JERUSALEM, ISRAEL — April 16, 2020 — On the 20th of the Hebrew month of Nissan, in the year 5669 from Creation (corresponding with April 11, 1909), 66 families came together on the sand dunes north of the ancient biblical port city of Jaffa, to establish the first modern Jewish city in the Land of Israel. They held a lottery to distribute the plots of land. Using seashells drawn out of a hat containing the names on white shells, and the lot number on black shells, thus they established the city.
Prior to this, following the first and second exiles, Jewish communities remained in Israel but had not established new cities until the first decade of the 20th century.
In the city’s charter they stated that they wanted Tel Aviv to be the New York of Israel, the gateway into the old-new land, borrowing the term from the early Zionist founding father and visionary Theodor Herzl’s book Altneuland (Old New Land). Herzl envisioned a modern society as the home of the Jewish people, based on Jewish history and as a refuge for Jews suffering anti-Semitism. He envisioned that that Israel would be a light and inspiration to the nations, a leader among equals.
Altneuland was translated to Hebrew with the name Tel Aviv, which literally means The Hill of Spring. A “Tel” is an ancient archeological mound with layers of civilizations build upon one another, representing something very old and connected to the past. “Aviv,” spring, represents rebirth and renewal, a new beginning and vision for the future. “Tel Aviv” embodies building for the future on the foundation of the past.
Tel Aviv’s founders understood this was not just a fitting name, but a prophetic one. It was fitting that the city that most embodied this idea espoused by Herzl to revive Jewish life in the Land of Israel, becoming the a first modern Jewish city after 2000 years of exile, was established by Jewish immigrants from the four corners of the world speaking a common language, Hebrew, the language of our forefathers in our ancient homeland. Tel Aviv was the cornerstone for something new, modern, and vibrant, and was thus named after the book written by Herzl. It was all the more fitting given that this took place just five years after Herzl’s death at 44, giving life to his vision.
The site of the lottery took place on the plot that was allotted to the Dizengoff family, and where they ultimately built their home. The patriarch, Meir Dizengoff would become the first mayor of Tel Aviv. This was the cornerstone. Out of the sleepy barren sand dunes developed an incredible metropolis, a modern city build by Jews who had gathered from throughout the diaspora to rebuild their ancestral homeland.
Following the death of his beloved wife, Meir Dizengoff donated his home to the city to be used for the first art museum of Tel Aviv. Today, that lot’s address now sits on the prestigious Rothschild Boulevard. The same building was used in 1948, as the site for the declaration of independence of the State of Israel. Another cornerstone of modern Israel. Today, it’s known as Independence Hall and open for tourists to learn about and experience the drama and emotion of Israel’s Declaration of Independence on May 14, 1948.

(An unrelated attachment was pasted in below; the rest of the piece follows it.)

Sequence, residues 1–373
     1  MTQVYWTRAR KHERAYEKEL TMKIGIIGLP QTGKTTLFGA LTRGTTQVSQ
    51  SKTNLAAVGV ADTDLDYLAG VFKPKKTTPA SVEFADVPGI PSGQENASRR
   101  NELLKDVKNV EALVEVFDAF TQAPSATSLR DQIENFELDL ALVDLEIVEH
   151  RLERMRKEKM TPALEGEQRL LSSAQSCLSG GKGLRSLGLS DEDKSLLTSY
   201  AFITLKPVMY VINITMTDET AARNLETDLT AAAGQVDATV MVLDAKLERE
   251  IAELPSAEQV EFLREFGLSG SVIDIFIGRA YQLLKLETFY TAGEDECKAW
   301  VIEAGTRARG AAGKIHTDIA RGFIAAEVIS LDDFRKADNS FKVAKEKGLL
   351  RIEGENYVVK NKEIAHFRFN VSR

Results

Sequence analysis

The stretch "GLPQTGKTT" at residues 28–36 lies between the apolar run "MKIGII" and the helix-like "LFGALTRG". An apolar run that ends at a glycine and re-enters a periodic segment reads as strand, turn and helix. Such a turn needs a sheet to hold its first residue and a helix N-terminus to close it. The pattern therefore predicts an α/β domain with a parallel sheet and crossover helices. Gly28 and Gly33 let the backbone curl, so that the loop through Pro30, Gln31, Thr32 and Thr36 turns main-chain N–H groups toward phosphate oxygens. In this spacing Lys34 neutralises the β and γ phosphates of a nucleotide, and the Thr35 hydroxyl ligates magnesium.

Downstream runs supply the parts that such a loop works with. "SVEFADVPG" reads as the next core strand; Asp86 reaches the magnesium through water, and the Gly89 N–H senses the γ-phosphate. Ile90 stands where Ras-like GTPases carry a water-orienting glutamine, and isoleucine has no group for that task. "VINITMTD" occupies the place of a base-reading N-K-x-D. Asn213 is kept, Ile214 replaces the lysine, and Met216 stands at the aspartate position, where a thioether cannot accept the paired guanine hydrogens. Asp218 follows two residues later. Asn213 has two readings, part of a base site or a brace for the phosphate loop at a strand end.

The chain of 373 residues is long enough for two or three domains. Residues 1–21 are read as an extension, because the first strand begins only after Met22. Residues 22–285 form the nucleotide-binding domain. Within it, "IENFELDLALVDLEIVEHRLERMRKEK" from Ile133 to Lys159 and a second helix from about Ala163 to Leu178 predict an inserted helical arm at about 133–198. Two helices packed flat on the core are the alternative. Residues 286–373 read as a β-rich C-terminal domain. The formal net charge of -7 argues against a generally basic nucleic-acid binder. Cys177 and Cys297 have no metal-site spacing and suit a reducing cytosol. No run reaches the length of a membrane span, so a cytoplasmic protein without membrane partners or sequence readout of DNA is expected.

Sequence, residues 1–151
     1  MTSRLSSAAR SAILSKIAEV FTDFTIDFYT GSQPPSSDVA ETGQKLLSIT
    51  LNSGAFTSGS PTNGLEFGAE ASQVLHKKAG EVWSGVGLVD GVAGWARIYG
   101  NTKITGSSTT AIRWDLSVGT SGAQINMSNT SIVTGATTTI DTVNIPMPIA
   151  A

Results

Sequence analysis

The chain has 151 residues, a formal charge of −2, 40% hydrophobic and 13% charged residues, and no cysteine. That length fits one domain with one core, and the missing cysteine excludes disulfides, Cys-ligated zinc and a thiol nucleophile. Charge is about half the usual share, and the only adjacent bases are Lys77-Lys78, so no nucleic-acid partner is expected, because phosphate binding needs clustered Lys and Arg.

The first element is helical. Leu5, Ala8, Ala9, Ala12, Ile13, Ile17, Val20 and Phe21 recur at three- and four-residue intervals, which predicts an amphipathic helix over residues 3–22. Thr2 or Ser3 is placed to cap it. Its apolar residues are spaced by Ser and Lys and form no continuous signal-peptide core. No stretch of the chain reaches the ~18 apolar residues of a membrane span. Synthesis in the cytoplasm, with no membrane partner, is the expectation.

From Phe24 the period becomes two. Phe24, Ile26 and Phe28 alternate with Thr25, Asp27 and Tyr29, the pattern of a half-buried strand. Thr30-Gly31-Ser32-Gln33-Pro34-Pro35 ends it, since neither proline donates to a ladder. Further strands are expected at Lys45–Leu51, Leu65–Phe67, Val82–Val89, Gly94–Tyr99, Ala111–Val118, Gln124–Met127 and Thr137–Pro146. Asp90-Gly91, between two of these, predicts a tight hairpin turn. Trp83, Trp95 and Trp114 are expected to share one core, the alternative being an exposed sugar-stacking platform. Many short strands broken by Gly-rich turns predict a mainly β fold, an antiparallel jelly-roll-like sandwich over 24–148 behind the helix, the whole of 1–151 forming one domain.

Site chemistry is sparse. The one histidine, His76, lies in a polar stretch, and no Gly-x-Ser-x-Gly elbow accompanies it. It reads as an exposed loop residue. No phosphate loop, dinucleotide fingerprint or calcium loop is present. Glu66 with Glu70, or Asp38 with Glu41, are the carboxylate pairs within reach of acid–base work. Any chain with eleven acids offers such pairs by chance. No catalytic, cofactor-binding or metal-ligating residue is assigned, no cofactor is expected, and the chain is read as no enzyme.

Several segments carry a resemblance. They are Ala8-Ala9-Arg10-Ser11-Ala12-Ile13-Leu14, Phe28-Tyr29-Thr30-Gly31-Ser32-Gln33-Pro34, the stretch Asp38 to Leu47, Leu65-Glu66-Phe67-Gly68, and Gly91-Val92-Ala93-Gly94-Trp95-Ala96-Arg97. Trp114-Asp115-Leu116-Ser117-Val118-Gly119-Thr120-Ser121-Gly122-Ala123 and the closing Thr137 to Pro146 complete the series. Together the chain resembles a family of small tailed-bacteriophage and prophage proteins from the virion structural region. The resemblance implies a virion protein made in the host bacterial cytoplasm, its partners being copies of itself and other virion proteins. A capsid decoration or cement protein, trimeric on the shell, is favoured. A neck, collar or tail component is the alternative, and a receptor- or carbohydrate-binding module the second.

It is incredible to see how far Tel Aviv has come in such a short time. While Herzl was largely secular, even with him the idea of the Jewish rebirth of the Land of Israel was the fulfillment of God’s promise to restore His people to their Land. As envisioned by Herzl, Tel Aviv was not just the kernel of the establishment of the first Jewish city in the Land of Israel in 2000 years, it was the foundation upon which his vision, and the hopes and prayers of the Jewish people for millennia, was built. Along with the rich Jewish history that connects the people to the Land inseparably, it is the foundation upon which the State of Israel and all its nine million citizens thrive as a light unto the nations today.
Like New York, Tel Aviv is a vibrant city that never sleeps. It is a cultural, financial, business and tourist hub of the country, around which many adjacent cities have been developed making for one dense metropolitan area. Ground (and underground) work is being done to build Tel Aviv’s first light rail. Recently, a high-speed train was launched connecting Tel Aviv to Jerusalem, Israel’s capitol, in just 40 minutes. Last year Tel Aviv hosted the worldwide Eurovision song competition and is recognized as a cosmopolitan city with an incredible mosaic of cultures, ethnicities, religions, cuisine, fashion, architecture, and art. It has an exciting night life, deep culture of sports with teams that compete internationally, and world class hotels, amazing beaches, and other attractions that make it a popular destination for Israelis and foreigners alike.
While Tel Aviv is on lockdown now like much of the rest of the world, this is an important and historic milestone to remember. When you’re able to make travel plans in the future, don’t miss the opportunity to come visit and experience Tel Aviv yourself soon. And while you’re at it, don’t forget Jerusalem, the Galilee, and countless other wondrous biblical and historical sites.
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Jonathan Feldstein was born and educated in the U.S. and immigrated to Israel in 2004. He is married and the father of six and became a grandfather in 2018. Throughout his life and career, he has been blessed by the calling to fellowship with Christian supporters of Israel and serve as a bridge between Jews and Christians. He shares insights and experiences of living as an Orthodox Jew in Israel, writing for prominent Christian and conservative web sites and appearing on many Christian TV and radio programs. He is the president of Run for Zion and the Genesis 123 Foundation. He can be reached at firstname.lastname@example.org and via www.runforzion.com.